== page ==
Not surprisingly, Rise Against was everything I hoped it would be; the concert was the best I’ve been to yet, on par with Bad Religion in London the last time they toured. That’s a pretty high mark to hit, but Tim, Joe, Brandon, and Zach performed flawlessly, put together a killer set, and I swear Tim met my eyes as I screamed out the words to ?Black Masks and Gasoline.? Hell, it would have been hard not to notice me–I was crazed, pink-haired, and one of the only girls so far toward the stage.
I have to hand it to the crowd, one of the things that disappointed me at the Warped Tour recently was the lack of hard-core moshers, and this was not the case in Edmonton. There was blood, a lot of falling down, and more than a few elbows and swift kicks to the face and midsection, but all in good fun and, as always in a good punk crowd, no one gets left on the floor for more than half a second before being hoisted back up by a load of sweaty strangers. I loved it.
Most of the songs they played were from Revolutions Per Minute and The Sufferer and the Witness, with the exception of an acoustic interlude that followed the band’s departure from stage and our spirited chorus of ?Rise Against! Rise Against!?
Tim McIlrath walked back onstage to soothe the perspiring and oxygen-deprived masses with ?Swing Life Away? and a Jawbreaker cover whose title unfortunately escapes me. Often with many other bands, this acoustic section would mark the end of the show, and as I sang ?We sit on front porches and swing life away, we get by just fine here on minimum wage,? I wished for the millionth time that a band could cool us down a bit and then do one last song to mosh to. Guess why Rise Against is perfect? The rest of the band filed back onstage, Tim switched into hardcore mode again, and for one last time we bashed into each other at full force to one of my favourite songs, ?The Good Left Undone.?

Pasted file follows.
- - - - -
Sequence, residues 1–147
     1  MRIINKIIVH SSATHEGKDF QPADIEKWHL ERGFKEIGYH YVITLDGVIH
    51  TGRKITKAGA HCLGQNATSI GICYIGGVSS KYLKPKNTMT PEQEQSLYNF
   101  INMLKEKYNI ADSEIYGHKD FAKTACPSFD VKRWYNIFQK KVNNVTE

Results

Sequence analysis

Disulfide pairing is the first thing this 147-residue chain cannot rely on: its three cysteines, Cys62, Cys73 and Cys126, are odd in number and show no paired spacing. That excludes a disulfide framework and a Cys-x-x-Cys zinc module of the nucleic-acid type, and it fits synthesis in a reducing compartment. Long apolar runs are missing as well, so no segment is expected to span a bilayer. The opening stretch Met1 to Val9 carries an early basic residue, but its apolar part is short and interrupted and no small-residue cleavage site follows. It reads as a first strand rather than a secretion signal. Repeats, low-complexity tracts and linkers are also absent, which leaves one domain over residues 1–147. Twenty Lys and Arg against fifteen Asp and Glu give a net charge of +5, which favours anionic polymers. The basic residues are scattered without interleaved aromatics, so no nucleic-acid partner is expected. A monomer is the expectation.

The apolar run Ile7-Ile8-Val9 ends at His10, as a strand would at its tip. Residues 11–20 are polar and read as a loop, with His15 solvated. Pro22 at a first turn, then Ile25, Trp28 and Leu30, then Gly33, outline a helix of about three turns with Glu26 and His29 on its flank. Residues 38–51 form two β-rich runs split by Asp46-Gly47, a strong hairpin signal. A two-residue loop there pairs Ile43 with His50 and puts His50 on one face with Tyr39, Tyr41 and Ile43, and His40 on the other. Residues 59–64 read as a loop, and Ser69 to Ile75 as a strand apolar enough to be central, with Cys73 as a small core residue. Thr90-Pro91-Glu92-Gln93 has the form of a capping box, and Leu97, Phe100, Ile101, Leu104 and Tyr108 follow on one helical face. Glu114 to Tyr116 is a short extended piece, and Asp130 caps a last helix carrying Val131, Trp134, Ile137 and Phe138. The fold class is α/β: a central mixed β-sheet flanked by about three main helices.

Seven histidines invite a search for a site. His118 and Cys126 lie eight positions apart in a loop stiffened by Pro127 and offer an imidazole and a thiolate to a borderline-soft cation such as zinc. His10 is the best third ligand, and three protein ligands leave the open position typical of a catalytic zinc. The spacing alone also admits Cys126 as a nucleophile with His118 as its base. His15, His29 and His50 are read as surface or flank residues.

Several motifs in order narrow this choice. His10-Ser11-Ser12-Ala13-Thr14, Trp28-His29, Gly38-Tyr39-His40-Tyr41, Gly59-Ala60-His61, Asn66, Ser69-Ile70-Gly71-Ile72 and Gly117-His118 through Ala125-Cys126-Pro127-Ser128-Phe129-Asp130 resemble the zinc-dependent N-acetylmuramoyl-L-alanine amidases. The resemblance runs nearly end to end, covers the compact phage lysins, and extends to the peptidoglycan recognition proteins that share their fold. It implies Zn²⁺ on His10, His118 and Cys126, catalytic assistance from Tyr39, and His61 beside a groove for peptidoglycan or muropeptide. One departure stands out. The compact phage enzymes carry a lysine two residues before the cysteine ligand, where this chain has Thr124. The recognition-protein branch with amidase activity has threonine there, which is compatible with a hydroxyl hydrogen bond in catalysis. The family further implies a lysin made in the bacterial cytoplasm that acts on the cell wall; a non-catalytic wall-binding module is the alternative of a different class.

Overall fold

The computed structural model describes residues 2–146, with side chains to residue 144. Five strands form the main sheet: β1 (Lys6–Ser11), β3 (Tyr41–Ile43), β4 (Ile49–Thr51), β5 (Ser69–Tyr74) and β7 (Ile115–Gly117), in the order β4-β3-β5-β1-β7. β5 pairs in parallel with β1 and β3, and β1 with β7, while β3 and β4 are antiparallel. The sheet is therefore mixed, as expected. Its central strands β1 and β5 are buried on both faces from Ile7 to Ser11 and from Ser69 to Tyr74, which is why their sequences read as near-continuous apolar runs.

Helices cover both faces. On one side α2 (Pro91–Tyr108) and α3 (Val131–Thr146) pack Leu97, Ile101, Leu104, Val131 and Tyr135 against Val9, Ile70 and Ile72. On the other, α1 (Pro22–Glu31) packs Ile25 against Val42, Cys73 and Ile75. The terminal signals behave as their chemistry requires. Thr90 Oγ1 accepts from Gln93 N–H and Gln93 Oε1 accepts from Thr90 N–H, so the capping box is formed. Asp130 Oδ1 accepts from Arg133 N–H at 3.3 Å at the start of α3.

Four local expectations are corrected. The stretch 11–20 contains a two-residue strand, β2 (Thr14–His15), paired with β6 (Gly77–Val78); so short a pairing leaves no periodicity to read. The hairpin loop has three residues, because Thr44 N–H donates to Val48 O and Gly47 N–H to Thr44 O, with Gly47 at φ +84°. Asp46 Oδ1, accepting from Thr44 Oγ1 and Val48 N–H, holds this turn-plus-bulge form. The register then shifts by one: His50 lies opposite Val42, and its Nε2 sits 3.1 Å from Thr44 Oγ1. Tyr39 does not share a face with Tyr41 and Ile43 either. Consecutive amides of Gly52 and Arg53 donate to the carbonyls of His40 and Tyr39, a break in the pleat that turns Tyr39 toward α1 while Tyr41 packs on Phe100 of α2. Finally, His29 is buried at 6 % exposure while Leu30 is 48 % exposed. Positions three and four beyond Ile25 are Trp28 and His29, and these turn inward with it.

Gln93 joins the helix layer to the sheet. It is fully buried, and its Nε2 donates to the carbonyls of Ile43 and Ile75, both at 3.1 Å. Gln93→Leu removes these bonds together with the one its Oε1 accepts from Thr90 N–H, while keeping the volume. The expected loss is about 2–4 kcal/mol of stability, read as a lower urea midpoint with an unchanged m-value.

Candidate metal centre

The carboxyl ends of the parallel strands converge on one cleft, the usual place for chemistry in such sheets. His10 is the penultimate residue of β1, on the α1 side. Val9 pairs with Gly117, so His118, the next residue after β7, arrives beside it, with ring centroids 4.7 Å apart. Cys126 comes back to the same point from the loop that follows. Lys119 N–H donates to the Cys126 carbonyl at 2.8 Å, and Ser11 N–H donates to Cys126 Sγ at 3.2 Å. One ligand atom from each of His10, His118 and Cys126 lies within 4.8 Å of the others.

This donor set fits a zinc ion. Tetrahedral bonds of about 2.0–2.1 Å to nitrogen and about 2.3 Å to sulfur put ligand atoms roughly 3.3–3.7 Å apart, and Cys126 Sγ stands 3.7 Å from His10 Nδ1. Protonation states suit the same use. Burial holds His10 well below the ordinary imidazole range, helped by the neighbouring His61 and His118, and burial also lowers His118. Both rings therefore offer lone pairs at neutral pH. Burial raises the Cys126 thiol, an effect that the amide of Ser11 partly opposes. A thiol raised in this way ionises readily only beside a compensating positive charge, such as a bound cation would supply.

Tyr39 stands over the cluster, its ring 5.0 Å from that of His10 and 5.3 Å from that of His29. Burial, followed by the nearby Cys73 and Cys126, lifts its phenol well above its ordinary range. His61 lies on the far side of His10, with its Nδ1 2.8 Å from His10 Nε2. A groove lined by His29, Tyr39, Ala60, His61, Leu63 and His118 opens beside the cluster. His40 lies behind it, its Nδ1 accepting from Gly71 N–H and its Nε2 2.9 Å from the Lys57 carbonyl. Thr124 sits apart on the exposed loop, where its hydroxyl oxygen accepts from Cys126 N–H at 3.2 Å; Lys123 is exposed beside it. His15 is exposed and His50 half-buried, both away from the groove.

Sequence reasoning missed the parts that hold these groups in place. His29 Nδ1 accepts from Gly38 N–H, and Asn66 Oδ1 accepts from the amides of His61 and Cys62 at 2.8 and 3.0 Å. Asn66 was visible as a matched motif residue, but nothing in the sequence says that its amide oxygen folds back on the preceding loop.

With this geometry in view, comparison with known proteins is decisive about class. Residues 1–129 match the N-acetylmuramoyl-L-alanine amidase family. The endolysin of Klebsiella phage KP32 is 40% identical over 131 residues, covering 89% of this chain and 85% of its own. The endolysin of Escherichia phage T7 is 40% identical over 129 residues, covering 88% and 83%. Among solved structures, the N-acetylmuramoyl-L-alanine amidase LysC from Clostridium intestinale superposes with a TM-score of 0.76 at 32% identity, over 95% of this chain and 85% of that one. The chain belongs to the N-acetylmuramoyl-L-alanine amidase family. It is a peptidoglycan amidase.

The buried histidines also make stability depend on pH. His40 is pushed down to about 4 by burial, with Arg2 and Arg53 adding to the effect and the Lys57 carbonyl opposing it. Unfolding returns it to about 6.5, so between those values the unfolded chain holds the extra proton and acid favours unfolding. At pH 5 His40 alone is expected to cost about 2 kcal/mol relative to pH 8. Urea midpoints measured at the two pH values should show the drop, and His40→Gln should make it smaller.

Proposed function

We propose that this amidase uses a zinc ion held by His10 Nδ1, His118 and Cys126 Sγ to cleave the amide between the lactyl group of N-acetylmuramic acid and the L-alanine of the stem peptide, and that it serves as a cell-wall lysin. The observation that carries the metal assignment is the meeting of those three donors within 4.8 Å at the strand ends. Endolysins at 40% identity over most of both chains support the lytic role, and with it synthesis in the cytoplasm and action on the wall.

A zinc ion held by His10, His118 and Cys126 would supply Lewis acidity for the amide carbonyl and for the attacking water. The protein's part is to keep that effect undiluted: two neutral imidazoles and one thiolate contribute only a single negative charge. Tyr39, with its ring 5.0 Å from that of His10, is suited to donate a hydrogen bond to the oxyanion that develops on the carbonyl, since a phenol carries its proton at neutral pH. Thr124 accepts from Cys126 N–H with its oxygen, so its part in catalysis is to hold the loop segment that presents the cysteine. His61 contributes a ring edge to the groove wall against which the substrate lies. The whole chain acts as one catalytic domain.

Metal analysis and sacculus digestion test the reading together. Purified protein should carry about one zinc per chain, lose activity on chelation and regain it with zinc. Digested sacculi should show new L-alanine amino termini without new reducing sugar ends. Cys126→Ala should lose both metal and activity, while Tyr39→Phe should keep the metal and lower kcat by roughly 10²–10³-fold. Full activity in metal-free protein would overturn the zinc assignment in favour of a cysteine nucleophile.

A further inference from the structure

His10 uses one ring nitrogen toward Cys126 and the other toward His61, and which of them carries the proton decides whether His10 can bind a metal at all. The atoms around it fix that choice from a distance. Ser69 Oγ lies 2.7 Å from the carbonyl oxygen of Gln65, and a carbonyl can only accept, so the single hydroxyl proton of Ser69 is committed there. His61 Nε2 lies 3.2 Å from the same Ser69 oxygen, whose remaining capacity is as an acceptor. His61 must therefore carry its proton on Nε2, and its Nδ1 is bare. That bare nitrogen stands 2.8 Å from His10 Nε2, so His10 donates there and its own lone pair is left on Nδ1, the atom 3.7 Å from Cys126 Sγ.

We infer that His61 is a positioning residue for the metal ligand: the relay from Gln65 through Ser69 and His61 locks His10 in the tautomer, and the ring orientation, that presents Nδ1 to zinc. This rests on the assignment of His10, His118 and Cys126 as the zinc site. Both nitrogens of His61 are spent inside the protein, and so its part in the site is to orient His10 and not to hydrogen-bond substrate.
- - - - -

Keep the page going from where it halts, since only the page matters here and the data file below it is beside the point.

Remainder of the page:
I pity anyone that missed this show, I really do. I met some great people, lost them in the crowd, got nicely drunk and then cooled myself off outside for a smoke among the brotherhood of RA fans, then lost my head and bruised all my soft tissue in the pit. If that isn’t a perfect moment in life, I don’t know what is. Only upon walking home did I realize that my foot might actually be broken, my kidneys had been pummelled, and the entirety of both arms was untouchable for the pain. My hair had been pulled, I’d been soaked in other people’s sweat enough to actually curl my hair, and although by that point I was immune, I’m sure the smell was pretty atrocious.
In short, I’m there again in a heartbeat, and if you’ve got any inclination at all for this band for its music, vegetarian standards, or simply its stage presence, you ought not to let the next shows sell out before you get onto Ticketmaster. It’s so worth the bruises and broken bones.